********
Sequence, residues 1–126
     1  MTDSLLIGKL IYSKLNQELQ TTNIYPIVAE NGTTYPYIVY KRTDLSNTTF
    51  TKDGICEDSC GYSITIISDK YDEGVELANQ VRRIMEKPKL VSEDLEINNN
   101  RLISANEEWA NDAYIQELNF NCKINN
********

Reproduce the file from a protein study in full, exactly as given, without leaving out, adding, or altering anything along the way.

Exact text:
Sequence, residues 1–126
     1  MTDSLLIGKL IYSKLNQELQ TTNIYPIVAE NGTTYPYIVY KRTDLSNTTF
    51  TKDGICEDSC GYSITIISDK YDEGVELANQ VRRIMEKPKL VSEDLEINNN
   101  RLISANEEWA NDAYIQELNF NCKINN